The LePage administration recently revealed the outlines of what a new kind of psychiatric institution for Maine children would look like.
The administration is proposing that the state start paying for locked, psychiatric residential treatment facilities, which would be new to Maine but not new to the U.S. There are nearly 400 such facilities in more than 30 states that house people under age 21 with intensive mental health needs. They’re a step down from a psychiatric hospital in terms of the intensity of treatment.
It’s unclear when a facility in Maine would be up and running, who would run it and how many children it would house. In addition, it’s not yet clear how many such facilities there would be. But children with diagnoses such as schizophrenia, depression, bipolar disorder, anxiety, conduct disorders that cause aggressive behavior and personality disorders would be candidates for admission. According to the Maine Department of Health and Human Services’ proposed rules regulating the facilities, “all other community based resources must have been determined to be inadequate” before a child is admitted into the treatment facility.
Therein lies the problem.
The proposal for a new kind of psychiatric institution in the state comes precisely at a time when those community-based resources are in a fragile state.
Over the past two decades, as the result of court battles and legislative action, the state worked to build up mental health services that children and their families received in their homes and communities. It moved decisively away from using expensive institutions to house children with high needs. But policymakers didn’t pay adequate attention to maintaining the in-home and community services once they established them.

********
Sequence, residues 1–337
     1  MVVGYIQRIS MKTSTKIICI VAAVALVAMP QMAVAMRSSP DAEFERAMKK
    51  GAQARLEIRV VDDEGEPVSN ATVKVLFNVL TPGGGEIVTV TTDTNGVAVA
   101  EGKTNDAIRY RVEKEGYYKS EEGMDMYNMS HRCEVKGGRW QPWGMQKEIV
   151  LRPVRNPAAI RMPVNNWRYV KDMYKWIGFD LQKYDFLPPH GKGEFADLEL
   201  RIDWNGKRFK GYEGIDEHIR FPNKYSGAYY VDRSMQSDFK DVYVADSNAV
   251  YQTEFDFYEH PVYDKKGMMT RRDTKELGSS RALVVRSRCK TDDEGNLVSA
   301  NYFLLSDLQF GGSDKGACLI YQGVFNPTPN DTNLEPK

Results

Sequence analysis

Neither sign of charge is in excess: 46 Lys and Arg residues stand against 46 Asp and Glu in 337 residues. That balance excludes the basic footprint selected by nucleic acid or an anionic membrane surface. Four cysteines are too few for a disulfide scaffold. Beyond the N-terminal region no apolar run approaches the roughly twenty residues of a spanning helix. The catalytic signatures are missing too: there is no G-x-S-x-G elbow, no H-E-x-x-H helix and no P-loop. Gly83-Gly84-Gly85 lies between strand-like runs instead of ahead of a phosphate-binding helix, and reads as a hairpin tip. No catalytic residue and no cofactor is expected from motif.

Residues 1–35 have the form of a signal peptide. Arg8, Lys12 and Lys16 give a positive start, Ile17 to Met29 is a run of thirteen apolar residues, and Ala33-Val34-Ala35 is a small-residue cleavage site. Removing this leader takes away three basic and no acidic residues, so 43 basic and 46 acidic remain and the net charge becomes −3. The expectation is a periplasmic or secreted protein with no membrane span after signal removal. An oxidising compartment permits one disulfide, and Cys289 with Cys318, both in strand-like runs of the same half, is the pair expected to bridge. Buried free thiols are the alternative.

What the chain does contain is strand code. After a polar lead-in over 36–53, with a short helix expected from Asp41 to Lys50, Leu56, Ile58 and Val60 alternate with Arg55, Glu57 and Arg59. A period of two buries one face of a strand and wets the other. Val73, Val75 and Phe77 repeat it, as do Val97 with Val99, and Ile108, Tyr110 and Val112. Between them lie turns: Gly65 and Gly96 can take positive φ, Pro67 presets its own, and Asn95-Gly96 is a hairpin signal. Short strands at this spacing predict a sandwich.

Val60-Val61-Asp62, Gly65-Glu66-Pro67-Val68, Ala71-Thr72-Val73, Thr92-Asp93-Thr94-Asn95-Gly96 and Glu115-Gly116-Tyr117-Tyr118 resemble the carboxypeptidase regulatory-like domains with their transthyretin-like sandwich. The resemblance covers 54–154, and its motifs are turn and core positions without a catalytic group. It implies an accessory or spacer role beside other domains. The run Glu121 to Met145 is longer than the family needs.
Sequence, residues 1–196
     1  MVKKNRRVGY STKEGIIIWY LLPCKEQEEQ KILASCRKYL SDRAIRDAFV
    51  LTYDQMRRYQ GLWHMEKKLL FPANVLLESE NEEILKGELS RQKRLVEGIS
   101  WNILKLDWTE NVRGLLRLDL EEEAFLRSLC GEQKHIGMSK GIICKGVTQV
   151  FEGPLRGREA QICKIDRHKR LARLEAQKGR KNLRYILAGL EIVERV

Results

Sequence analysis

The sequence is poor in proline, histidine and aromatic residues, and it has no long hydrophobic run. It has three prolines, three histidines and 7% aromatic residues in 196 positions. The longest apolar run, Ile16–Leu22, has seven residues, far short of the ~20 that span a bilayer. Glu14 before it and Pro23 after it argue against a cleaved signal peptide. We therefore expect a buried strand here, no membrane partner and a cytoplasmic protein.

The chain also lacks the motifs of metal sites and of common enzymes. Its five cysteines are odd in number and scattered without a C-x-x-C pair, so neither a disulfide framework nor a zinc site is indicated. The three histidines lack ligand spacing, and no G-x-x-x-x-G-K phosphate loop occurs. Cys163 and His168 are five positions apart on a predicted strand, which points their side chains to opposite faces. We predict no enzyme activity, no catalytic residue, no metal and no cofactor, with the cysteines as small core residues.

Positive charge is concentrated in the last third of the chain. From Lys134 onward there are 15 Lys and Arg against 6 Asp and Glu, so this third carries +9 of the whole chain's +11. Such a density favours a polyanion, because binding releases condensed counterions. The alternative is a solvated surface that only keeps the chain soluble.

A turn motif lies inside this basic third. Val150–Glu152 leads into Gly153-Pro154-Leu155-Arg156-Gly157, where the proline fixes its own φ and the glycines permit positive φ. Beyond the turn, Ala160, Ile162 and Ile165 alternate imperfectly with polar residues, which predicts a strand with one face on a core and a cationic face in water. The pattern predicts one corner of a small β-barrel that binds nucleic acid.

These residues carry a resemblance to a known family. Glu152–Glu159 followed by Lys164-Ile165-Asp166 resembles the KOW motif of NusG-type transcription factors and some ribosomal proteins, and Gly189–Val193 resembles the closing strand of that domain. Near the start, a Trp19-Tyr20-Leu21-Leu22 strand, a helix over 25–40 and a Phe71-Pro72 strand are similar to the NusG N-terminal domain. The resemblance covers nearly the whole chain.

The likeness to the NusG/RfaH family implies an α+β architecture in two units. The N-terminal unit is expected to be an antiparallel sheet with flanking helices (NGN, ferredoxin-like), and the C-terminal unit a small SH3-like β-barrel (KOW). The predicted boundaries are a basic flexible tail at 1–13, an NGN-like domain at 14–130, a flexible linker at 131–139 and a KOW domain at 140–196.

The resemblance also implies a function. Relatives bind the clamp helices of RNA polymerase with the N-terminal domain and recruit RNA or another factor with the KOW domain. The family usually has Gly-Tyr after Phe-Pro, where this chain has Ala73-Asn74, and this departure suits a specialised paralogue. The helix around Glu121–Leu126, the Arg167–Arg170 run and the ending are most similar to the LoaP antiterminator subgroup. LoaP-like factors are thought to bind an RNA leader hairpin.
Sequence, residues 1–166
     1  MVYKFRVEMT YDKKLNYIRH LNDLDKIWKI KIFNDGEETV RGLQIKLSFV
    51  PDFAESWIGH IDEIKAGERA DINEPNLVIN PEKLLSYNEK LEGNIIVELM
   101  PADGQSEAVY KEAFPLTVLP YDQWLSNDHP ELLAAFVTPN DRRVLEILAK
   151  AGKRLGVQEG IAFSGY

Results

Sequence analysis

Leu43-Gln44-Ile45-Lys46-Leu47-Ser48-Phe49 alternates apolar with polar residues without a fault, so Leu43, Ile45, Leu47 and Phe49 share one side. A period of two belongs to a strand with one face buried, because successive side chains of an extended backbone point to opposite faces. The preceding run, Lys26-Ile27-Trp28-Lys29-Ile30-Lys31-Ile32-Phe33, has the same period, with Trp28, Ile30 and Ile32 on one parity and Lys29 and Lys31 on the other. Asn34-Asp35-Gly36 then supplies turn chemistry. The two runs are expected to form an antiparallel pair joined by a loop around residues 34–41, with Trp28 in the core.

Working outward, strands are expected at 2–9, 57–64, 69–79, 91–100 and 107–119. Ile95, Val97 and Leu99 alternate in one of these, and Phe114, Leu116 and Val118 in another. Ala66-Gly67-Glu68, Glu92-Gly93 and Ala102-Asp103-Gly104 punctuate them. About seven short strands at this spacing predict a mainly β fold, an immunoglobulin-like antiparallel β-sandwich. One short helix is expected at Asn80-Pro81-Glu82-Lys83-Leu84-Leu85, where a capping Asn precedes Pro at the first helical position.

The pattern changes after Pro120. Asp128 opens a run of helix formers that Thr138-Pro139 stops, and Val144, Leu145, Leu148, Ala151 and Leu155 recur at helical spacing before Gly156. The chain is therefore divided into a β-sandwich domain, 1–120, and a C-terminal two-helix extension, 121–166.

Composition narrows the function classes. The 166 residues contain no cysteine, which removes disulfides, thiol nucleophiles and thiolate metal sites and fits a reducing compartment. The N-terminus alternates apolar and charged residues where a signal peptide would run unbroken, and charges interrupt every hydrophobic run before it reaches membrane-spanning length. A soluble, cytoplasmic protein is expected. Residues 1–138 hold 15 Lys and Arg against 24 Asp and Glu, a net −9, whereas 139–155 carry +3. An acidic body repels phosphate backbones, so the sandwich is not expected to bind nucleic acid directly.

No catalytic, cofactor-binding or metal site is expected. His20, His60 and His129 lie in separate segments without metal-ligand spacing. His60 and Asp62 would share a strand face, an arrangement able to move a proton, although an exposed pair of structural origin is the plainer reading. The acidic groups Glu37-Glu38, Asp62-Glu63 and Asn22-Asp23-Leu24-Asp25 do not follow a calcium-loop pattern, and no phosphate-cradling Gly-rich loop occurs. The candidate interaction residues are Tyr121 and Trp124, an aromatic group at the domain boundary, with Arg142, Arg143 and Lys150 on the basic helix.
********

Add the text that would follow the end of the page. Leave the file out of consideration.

The organizations providing those services receive the same reimbursement from the state today that they received a decade ago or more when the services first came online. As a result, providers have been gradually paring down the list of services they provide.
After a period of progress, Maine in many ways is back to the way it was two decades ago. Today, as in the late 1990s, hundreds of children have been waiting months for services in their homes and communities to address their mental and behavioral health needs, despite a federal law that guarantees eligible children access to the Medicaid-funded services within six months of being screened for them.
In addition, dozens of children are receiving treatment at residential facilities outside of Maine because it’s unavailable here. Others are stuck in psychiatric hospital beds long after they need hospital-level treatment, while others are stuck in hospital emergency rooms with no other, safe place to go.
As if stagnant rates weren’t damaging enough, the LePage administration in recent years has targeted a number of those community-based services for cuts — the same services it says must be “determined to be inadequate” before children are admitted into new psychiatric institutions.
By definition, the state’s network of community-based resources for children with mental health needs as it exists today is inadequate.
The proposal for a new kind of psychiatric institution comes at just the time the state should be working to build up the range of services available to kids in their homes and communities, where the services are cheaper and often more effective.
For too long, the state has neglected its system of mental health services for children — services that, provided early enough, can prevent the need for more restrictive, institutional treatment down the road.
It hasn’t undertaken a complete review of the system, its services and its spending since 1997. No complete analysis has led to the conclusion that new, locked institutions for children will address the deficiencies in Maine’s mental health system for children.
As it proposes institutions that would cost millions of dollars a year to run, the LePage administration is showing no signs that it will stop neglecting a system that desperately needs attention.
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